Homeric

[hoh-mer-ik]

Origin of Homeric

1765–75; < Latin Homēricus < Greek Homērikós, equivalent to Hómēr(os) Homer + -ikos -ic
Related formsHo·mer·i·cal·ly, adverbnon-Ho·mer·ic, adjectivepost-Ho·mer·ic, adjectivepre-Ho·mer·ic, adjectivepseu·do-Ho·mer·ic, adjective
Dictionary.com Unabridged Based on the Random House Unabridged Dictionary, © Random House, Inc. 2018


Examples from the Web for homeric

Contemporary Examples of homeric

Historical Examples of homeric

  • What pitched battles, worthy to be chanted in Homeric strains!

  • A burst of Homeric laughter was Sir William's reply--laughter in which all were fain to join.

    In the Valley

    Harold Frederic

  • The place had an Homeric simplicity and beauty which touched his sense of fitness.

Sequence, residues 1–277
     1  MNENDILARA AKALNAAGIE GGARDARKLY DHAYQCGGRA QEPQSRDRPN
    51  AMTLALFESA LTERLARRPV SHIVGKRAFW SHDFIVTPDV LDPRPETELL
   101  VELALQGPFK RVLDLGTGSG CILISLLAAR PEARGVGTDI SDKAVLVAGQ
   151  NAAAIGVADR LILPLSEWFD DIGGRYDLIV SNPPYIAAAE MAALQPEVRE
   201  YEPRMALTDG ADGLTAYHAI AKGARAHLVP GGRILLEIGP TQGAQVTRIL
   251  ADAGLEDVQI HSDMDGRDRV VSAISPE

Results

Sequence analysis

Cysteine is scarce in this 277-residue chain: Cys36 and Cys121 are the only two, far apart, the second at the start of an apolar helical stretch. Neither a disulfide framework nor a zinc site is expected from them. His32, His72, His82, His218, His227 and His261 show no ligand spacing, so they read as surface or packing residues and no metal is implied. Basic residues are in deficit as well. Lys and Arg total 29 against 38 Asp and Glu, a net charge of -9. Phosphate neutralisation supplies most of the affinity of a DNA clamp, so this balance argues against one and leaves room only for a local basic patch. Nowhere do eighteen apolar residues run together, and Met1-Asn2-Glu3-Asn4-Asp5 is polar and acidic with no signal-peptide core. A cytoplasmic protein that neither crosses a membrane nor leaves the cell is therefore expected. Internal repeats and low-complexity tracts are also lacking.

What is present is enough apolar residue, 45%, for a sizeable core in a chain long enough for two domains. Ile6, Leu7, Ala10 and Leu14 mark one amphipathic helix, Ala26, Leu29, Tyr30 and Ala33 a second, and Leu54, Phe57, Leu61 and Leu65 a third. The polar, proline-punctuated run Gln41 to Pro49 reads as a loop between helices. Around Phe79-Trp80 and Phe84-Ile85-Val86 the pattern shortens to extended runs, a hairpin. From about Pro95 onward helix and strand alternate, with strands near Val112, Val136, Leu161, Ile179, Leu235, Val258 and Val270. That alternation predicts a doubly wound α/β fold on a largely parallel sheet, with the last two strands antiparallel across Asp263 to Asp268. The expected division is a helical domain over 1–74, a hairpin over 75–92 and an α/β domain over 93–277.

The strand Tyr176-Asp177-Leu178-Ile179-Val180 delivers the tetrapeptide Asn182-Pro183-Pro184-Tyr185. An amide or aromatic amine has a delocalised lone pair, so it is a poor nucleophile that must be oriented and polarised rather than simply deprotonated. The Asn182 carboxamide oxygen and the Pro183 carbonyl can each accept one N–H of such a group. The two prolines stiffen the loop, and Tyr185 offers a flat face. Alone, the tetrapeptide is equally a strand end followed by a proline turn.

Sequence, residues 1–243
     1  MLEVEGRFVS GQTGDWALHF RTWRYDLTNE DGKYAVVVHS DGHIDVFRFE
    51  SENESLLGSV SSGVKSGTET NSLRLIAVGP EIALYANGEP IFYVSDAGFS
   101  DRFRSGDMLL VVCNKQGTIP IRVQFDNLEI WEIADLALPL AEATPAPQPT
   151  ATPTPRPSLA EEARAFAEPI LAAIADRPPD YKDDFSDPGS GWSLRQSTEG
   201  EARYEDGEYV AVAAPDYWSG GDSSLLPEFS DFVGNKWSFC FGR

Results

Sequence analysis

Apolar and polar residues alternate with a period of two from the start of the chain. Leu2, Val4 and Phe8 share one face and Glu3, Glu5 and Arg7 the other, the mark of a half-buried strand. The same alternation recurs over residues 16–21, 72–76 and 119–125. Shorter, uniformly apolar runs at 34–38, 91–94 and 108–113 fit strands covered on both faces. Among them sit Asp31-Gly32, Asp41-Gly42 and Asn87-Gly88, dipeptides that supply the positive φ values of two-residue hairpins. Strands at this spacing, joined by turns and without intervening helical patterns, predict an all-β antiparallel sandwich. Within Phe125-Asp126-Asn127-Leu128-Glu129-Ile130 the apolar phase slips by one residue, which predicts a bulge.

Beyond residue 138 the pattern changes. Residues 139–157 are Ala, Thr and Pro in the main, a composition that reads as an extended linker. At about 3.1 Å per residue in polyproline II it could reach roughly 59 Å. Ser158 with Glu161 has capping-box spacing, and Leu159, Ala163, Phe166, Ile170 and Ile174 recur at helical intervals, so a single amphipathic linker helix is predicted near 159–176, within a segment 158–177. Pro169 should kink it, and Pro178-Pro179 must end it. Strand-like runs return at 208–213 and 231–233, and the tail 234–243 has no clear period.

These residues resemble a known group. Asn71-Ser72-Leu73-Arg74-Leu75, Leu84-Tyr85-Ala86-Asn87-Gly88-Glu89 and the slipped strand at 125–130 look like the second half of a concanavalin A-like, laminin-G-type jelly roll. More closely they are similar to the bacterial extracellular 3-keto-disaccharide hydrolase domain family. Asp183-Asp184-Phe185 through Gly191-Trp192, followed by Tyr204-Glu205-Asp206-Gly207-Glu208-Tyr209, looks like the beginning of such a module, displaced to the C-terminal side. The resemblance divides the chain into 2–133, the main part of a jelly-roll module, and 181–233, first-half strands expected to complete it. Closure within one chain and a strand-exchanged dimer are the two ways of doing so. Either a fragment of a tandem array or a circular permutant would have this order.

A Singer from the Sea

    Amelia Edith Huddleston Barr

  • Well, then, I will open the door and let them all in; they shall mingle in an Homeric 'meeting of the waters.'

  • Homeric Epicism—antique Hellenism and modern Hellenism are both there.

    Cyropaedia

    Xenophon


British Dictionary definitions for homeric

Homeric

Homerian (həʊˈmɪərɪən)

adjective
  1. of, relating to, or resembling Homer or his poems
  2. imposing or heroic
  3. of or relating to the archaic form of Greek used by HomerSee epic
Derived FormsHomerically, adverb
Collins English Dictionary - Complete & Unabridged 2012 Digital Edition © William Collins Sons & Co. Ltd. 1979, 1986 © HarperCollins Publishers 1998, 2000, 2003, 2005, 2006, 2007, 2009, 2012

Word Origin and History for homeric

Homeric

adj.

1771, from Homer + -ic. Homerical is from 1670s. Cf. Latin Homericus, Greek Homerikos.

Online Etymology Dictionary, © 2010 Douglas Harper